Photos Courtesy of People Magazine and Netflix
When They See Us and the Dangers of White Feminism
I usually try to steer clear of films about Black and Brown suffering. Partially because it often gives this sense of “That was back then. These things don’t still happen.” The other reason is because I actually get angry watching such oppression. I made the decision to stray from that rule and watch Ava DuVernay’s Netflix series. When They See Us is the story of the Central Park 5. They are five Black and Brown kids coerced into confessing to a rape, they didn’t commit. From the beginning, we see overzealous prosecutors and detectives take advantage of these children. The detectives quickly became the attack dogs under the foot of one woman. While it is unfortunate that this was allowed to happen at such a large scale, it isn’t unbelievable. In fact, this is only one story out of hundreds of Black men forced into mass incarceration.
The scariest part is that Linda Fairstein was so focused on finding “justice” for her White victim, she ruined the lives of five innocent Black boys. Forcing puzzle pieces to fit in clearly mismatched spaces. Also caught in the crossfire was the victim after Trisha, Lourdes Gonzalez. A WOC who fell victim to the actual rapist who was ignored by the exact same prosecutors. White feminism is toxic femininity at its worst. This is why I cannot and do not stand in solidarity with the pink hats and mass protests they frequent. Instead of being an ally and giving their platform to WOC to speak on our issues, White feminists often hijack the conversation. As well as perpetuating the stereotype of Black men and boys being super predators. When we do try to bring this to their attention, it becomes #notallwhitefeminists. Even worse, Black women get asked why we aren’t “nicer” or “calmer” when expressing our frustrations.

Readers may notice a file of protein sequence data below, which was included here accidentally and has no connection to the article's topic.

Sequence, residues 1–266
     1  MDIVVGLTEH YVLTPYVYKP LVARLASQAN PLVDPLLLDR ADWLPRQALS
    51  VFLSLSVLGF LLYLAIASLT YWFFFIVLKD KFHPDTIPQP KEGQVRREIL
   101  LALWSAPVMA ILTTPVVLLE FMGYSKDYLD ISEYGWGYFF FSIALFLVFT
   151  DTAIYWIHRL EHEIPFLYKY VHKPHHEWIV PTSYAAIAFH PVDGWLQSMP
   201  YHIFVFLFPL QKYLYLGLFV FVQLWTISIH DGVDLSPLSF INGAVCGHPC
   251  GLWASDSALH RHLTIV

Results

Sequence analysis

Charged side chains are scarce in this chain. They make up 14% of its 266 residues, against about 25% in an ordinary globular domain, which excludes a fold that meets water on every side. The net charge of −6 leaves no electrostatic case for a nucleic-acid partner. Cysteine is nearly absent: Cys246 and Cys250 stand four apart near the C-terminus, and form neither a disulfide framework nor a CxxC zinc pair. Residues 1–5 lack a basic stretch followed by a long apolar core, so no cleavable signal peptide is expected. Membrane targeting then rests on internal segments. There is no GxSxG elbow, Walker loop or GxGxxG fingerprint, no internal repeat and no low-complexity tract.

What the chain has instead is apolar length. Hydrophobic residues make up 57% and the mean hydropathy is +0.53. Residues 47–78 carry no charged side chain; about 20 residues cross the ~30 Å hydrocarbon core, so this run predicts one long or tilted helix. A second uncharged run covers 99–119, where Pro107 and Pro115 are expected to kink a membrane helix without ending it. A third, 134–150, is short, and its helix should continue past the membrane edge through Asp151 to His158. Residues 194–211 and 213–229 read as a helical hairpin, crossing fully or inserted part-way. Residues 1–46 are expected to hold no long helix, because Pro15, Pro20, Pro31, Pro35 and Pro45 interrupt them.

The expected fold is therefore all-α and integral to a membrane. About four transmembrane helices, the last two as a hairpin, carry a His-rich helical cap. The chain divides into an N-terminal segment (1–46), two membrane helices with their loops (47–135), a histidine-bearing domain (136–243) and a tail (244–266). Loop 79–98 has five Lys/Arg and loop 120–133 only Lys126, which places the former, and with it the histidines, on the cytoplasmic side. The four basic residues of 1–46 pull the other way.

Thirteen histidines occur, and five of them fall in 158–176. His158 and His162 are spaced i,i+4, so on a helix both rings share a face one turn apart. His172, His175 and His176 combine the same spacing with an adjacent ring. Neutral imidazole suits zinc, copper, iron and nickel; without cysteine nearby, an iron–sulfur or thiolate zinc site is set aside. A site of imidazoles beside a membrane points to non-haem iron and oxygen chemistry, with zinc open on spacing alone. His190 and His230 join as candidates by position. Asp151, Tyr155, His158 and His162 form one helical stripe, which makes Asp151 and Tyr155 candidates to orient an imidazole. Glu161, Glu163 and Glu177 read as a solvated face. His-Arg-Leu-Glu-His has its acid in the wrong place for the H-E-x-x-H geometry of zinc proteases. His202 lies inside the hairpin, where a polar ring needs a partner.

I think it’s important for White women to watch When They See Us more than any other group. White women are second in hierarchy only to White men. Which means they hold a hell of a lot of privilege while still maintaining a guise of disenfranchisement. They can equally assert White privilege onto POC and be perceived as a victim while doing so. The limited series shows the repercussions of having that much power and the effects it has on everybody when it goes unchecked. At press time, Linda Fairstein published an opinion piece for the Wall Street Journal about how she was defamed in When They See Us. Still unapologetic, full of arrogance, and even had the audacity to insinuate that DNA evidence exonerating the 5 men “doesn’t make them innocent.” Fairstein also took the opportunity to attempt to discredit Ava DuVernay, because of course a Black woman cannot be trusted to tell the truth. The undertones WOC experience constantly become more overt when a paycheck is at risk. Linda Fairstein has become a perfect example of White privilege feminism for anyone that thinks it doesn’t exist.